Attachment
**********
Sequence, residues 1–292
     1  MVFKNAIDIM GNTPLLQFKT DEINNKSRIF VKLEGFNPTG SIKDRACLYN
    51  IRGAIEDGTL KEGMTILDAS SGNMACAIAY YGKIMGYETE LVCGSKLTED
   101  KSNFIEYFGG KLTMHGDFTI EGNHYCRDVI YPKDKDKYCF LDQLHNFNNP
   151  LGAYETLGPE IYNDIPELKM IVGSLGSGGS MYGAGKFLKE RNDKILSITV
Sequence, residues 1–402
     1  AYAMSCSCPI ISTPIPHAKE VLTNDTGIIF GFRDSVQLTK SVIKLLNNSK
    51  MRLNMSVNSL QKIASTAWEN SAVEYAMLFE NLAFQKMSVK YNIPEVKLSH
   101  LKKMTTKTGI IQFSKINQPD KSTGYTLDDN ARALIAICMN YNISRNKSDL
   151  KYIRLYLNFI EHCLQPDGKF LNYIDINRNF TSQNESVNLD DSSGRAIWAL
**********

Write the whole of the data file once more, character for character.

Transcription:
Sequence, residues 1–292
     1  MVFKNAIDIM GNTPLLQFKT DEINNKSRIF VKLEGFNPTG SIKDRACLYN
    51  IRGAIEDGTL KEGMTILDAS SGNMACAIAY YGKIMGYETE LVCGSKLTED
   101  KSNFIEYFGG KLTMHGDFTI EGNHYCRDVI YPKDKDKYCF LDQLHNFNNP
   151  LGAYETLGPE IYNDIPELKM IVGSLGSGGS MYGAGKFLKE RNDKILSITV
Sequence, residues 1–402
     1  AYAMSCSCPI ISTPIPHAKE VLTNDTGIIF GFRDSVQLTK SVIKLLNNSK
    51  MRLNMSVNSL QKIASTAWEN SAVEYAMLFE NLAFQKMSVK YNIPEVKLSH
   101  LKKMTTKTGI IQFSKINQPD KSTGYTLDDN ARALIAICMN YNISRNKSDL
   151  KYIRLYLNFI EHCLQPDGKF LNYIDINRNF TSQNESVNLD DSSGRAIWAL